Tag Archives: Sudan

NYT Forgets to Look Past Hollywood in China-Sudan Story

Helene Cooper writes in The New York Times:

[I]n the past week, strange things have happened. A senior Chinese official, Zhai Jun, traveled to Sudan to push the Sudanese government to accept a United Nations peacekeeping force. Mr. Zhai even went all the way to Darfur and toured three refugee camps, a rare event for a high-ranking official from China, which has extensive business and oil ties to Sudan and generally avoids telling other countries how to conduct their internal affairs.

So what gives? Credit goes to Hollywood — Mia Farrow and Steven Spielberg in particular.

The article proceeds from there, actually giving the impression that a couple of people from the U.S. movie scene convinced the Chinese government to change its stance. Sure, the two have done some effective advocacy on the issue. Farrow started a campaign to brand the Beijing Olympics as the “Genocide Olympics.” And she pressured Spielberg, who’s advising the Chinese government on something or another related to the games, to pressure Chinese officials by saying he might compare to a Nazi propagandist if he didn’t speak up. (He did—in a letter to President Hu.)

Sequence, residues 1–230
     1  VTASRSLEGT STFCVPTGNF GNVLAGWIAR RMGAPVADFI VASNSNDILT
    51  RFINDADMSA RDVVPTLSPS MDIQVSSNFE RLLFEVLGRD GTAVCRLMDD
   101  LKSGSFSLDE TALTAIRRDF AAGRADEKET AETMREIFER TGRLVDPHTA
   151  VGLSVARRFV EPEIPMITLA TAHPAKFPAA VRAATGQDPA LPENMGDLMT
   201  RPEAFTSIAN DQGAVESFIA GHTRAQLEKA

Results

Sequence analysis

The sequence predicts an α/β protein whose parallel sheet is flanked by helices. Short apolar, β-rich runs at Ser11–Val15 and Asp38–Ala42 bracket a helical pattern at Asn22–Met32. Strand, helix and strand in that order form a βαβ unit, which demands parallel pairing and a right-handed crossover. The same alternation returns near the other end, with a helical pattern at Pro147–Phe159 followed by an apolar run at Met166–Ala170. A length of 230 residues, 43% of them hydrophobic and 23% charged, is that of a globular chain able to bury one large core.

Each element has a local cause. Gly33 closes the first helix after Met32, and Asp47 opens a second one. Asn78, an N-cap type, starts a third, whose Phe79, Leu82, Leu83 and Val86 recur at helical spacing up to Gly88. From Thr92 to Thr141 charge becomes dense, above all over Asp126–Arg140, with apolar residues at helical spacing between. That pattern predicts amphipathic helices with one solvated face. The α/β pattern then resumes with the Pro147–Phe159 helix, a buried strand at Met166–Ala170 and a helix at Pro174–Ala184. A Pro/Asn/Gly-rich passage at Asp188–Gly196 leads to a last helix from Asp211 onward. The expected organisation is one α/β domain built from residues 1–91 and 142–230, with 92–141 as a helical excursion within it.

The trouble is that the article doesn’t mention the dozens of campaigns and websites from elsewhere on Earth devoted to the same thing. Besides, the article says Farrow got on board last month. What about the Washington Post editorial from December that suggested that U.S. Treasury Secretary Henry Paulson bring up what the headline called the “genocide olympics” issue? Oh, and then there are the French presidential candidates calling for their country to boycott.

China, U.S. In Greater Accord Over Darfur

The U.S. and Chinese governments have not seen eye to eye on the issue of the ongoing genocide in Darfur, Sudan. China, for one thing, gets a lot of oil from Sudan. The Chinese government, too, has strong incentives not to support military intervention when not welcomed by the government of Sudan. Though the Sudanese genocide and human rights issues in Tibet are not comparable, some analysts I’ve spoken to have speculated that China might even veto a U.N. Security Council resolution authorizing the “responsibility to protect”-based circumvention of the principle of national sovereignty. Inviolable borders, they say, are a big priority for the Chinese government.

Neither the United States nor China is now calling for a full-blown military intervention, but after a recent discussion between Chinese Deputy Foreign Minister Dai Bingguo and U.S. Deputy Secretary of State John Negroponte and China’s new pressure on Sudan to act, the countries seem to be more or less working together.

I wonder if this will temper some groups’ calls for a boycott of the 2008 Olympics in Beijing on human rights grounds.